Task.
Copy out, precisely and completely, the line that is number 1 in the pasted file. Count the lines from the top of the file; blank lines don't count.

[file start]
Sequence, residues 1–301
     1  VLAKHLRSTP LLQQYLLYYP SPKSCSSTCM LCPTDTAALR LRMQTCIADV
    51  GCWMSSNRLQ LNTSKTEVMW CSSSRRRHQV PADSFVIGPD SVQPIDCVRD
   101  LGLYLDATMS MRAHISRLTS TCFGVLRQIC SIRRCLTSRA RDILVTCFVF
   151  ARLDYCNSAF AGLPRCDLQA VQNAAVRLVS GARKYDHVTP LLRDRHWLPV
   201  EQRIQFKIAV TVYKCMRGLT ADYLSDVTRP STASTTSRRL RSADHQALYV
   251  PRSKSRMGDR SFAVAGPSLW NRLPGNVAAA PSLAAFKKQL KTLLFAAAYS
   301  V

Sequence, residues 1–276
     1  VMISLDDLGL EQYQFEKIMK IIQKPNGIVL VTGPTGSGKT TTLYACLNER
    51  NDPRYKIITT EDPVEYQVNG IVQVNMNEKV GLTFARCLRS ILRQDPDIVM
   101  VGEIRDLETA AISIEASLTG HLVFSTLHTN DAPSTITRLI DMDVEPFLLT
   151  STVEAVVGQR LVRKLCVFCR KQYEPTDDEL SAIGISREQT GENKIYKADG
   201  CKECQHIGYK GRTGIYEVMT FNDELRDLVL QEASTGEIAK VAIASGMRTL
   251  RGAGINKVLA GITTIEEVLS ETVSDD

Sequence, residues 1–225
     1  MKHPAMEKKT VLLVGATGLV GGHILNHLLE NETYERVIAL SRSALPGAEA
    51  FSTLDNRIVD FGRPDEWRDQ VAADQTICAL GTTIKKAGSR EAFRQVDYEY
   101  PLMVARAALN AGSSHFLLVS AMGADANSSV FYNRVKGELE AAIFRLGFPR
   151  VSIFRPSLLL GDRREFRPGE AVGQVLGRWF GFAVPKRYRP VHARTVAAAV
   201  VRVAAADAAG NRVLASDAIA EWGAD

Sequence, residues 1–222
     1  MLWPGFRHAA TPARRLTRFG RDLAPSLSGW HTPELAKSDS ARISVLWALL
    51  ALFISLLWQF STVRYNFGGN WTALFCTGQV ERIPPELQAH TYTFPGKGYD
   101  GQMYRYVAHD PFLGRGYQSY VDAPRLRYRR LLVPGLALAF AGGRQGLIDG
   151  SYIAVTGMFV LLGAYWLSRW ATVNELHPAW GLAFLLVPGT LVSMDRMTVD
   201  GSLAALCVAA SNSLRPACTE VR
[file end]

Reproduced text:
Sequence, residues 1–301